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Introduction to Corrections, Fifth Edition.

Introduction to Corrections, Fifth Edition, by Jeanne B. Stinch-comb and Vernon B. Fox. Prentice Hall, 1999, 677 pp.

As we move into the new millennium, society has more at stake in the corrections conglomerate than ever before. More than 5 million people in the United States are under some form of correctional supervision and the cost in terms of resources and human suffering is rising. For example, among some minority groups, a high proportion of young people, both men and women, who could be having children or should be providing parenting to those they do have, are instead, in prison. All citizens should be concerned about the problem of crime and social control, yet many have not examined the issues in depth. Therefore, they are dependent on the latest political rhetoric for simplistic answers to the questions of how to "solve" the crime problem.

The latest edition of Drs. Jeanne Stinchcomb's and Vernon Fox's textbook, Introduction to Corrections, provides a wealth of valuable information to the general public. It should be required reading for every person running for or holding elected office in this country. Those entering the field and those who already have corrections-related careers will develop a broader overall understanding of corrections and the issues that must be addressed by reading this book. The authors have provided a balanced look at both the commonplace and hot topics in the field.

Given that they cover all areas of adult and juvenile corrections, topics are not covered in great detail. Enough is written on each topic to provide a general overview and extensive references are provided for those who want additional information.

Both authors have extensive backgrounds in the corrections field as well as in the academic community. In the late 1960s, Fox convened the first national conferences in modern times that brought together higher education faculty and correctional administrators to address improving correctional practice. This book had its beginnings in those heady times of reforms in various areas, some of which in corrections are being rediscovered today. Unlike some texts that are reissued over time, this one has remained on the cutting edge. The sources contain older information that is invaluable in providing a historical perspective to the topic under discussion, but also included is the latest material on the same topic that enables the reader to access current thinking on the matter.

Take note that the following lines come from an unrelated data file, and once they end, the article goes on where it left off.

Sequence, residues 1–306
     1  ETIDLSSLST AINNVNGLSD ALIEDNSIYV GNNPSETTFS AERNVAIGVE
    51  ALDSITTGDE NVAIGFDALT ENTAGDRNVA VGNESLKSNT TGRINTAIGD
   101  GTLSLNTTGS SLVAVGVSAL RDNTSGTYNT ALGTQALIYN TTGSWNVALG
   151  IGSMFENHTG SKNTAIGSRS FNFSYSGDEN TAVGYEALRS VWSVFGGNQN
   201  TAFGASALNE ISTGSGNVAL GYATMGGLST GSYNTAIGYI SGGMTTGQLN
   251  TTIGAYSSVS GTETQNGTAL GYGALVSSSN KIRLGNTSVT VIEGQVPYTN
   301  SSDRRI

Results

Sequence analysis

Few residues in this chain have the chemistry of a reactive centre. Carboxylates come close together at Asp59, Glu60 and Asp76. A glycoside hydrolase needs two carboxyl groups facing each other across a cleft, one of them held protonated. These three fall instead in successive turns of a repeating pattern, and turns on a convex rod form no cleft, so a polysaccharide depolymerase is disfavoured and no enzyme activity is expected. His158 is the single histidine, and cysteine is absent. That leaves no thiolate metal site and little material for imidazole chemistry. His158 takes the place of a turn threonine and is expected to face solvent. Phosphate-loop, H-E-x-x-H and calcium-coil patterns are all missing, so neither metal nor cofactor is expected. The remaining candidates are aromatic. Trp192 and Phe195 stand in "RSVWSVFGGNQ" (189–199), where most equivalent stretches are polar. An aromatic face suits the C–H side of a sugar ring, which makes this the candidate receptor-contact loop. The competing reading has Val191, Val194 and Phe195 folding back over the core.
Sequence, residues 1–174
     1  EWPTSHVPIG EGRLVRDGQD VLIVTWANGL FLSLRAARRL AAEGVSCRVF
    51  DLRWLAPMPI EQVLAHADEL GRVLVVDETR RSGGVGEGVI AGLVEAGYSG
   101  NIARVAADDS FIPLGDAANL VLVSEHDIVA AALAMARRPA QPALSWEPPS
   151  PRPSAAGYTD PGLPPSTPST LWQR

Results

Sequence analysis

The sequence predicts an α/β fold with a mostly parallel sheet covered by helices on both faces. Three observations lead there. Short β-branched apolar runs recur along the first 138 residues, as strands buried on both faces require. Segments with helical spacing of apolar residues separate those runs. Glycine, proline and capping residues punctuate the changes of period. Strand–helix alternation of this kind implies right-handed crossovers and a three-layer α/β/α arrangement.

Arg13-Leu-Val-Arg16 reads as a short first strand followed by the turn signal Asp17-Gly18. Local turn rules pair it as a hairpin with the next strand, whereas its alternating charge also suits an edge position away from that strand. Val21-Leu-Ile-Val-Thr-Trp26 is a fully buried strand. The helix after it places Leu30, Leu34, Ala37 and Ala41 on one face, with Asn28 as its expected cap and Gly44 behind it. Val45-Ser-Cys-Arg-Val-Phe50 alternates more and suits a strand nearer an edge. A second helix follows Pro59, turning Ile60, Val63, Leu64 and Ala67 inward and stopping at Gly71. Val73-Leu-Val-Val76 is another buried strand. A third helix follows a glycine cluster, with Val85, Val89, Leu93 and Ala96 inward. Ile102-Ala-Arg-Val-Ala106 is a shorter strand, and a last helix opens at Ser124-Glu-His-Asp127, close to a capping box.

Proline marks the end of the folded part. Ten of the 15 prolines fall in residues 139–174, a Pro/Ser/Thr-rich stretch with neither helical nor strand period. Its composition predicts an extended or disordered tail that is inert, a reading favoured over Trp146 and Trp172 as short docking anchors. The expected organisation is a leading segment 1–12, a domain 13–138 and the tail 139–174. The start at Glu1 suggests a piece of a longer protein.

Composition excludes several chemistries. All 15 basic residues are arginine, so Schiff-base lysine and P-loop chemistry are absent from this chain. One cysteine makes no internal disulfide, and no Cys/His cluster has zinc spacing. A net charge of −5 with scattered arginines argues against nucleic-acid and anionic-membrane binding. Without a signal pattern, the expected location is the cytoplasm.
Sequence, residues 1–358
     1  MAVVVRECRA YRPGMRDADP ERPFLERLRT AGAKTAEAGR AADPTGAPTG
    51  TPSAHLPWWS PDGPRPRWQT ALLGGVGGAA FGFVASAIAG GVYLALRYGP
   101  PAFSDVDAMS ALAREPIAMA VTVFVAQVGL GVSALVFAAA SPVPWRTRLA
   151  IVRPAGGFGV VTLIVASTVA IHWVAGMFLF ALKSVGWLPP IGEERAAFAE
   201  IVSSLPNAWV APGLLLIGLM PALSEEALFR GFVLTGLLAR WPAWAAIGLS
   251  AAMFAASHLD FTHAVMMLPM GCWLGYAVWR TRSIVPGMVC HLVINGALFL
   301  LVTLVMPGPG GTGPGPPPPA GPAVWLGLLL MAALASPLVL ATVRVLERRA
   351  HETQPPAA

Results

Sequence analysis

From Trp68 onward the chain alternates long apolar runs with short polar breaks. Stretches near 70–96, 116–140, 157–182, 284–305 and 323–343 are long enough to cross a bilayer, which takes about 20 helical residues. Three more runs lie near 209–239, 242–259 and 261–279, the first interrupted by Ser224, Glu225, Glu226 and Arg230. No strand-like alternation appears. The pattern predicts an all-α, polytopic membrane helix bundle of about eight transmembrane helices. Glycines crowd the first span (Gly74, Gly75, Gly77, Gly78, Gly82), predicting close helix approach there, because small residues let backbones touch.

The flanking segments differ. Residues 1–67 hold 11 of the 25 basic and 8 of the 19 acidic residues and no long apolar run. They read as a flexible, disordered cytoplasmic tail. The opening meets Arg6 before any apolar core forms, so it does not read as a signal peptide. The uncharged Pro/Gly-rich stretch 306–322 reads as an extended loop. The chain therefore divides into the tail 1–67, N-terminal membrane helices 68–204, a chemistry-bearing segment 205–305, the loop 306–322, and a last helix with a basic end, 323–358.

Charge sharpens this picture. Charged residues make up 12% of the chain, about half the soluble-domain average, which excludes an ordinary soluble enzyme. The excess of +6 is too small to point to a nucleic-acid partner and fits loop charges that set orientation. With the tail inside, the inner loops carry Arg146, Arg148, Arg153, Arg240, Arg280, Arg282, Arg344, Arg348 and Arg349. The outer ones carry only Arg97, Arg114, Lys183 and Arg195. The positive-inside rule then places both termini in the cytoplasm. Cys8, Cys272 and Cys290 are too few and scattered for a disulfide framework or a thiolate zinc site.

One of the authors' stated goals is to achieve balance in the discussions of controversial topics. This is frequently difficult to do when one feels strongly about the field. It is clear, however, that Stinchcomb and Fox provide not only the many sides of an issue, but they also help frame the options in a clear and concise manner. For example, in the discussion of HIV/AIDS, the authors review the four major approaches that should be taken to deal with this issue in prison, and then provide an update of the latest directions that correctional agencies are taking.

In addition to covering the theoretical and research aspects of corrections as is traditional in books of this type, they also provide a wealth of information on the day-to-day operation of all components of the system. For example, they discuss in detail the components of probation agents' jobs and the conflicts they face. They also provide realistic discussions of all aspects of institutional operations from key control to strip searches. These brief discussions help the reader understand not only what happens in the system but also why it happens.

Several aids are provided to help the reader get the most out of the extensive materials covered in this edition of Introduction to Corrections. One that is somewhat unique is to give about four "learning goals" before each major session in a chapter. This helps guide the reader's thinking as he or she explores the section and helps keep the reader focused on the key issues under discussion. The companion instructor's manual contains a wide variety of materials to aid in teaching from the text. There are learning objectives for each chapter, questions to stimulate class discussion, testing material, a listing of related Web sites, key concepts used in the text and transparency masters. Video supplements and a Power Point program also are available to enhance presentation of the material.

This text is useful to the general public, legislators and policymakers, criminal justice faculty and students, and the corrections community as a whole. For a good overview of corrections and a balanced look at the issues facing the entire field, Introduction to Corrections, Fifth Edition, is a must.

Joann B. Morton, D.P.A., associate professor in the College of Criminal Justice at the University of South Carolina in Columbia, S.C.
COPYRIGHT 2000 American Correctional Association, Inc.
No portion of this article can be reproduced without the express written permission from the copyright holder.
Copyright 2000 Gale, Cengage Learning. All rights reserved.

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Title Annotation:Review
Author:Morton, Joann B.
Publication:Corrections Today
Article Type:Book Review
Date:Jul 1, 2000
Words:784
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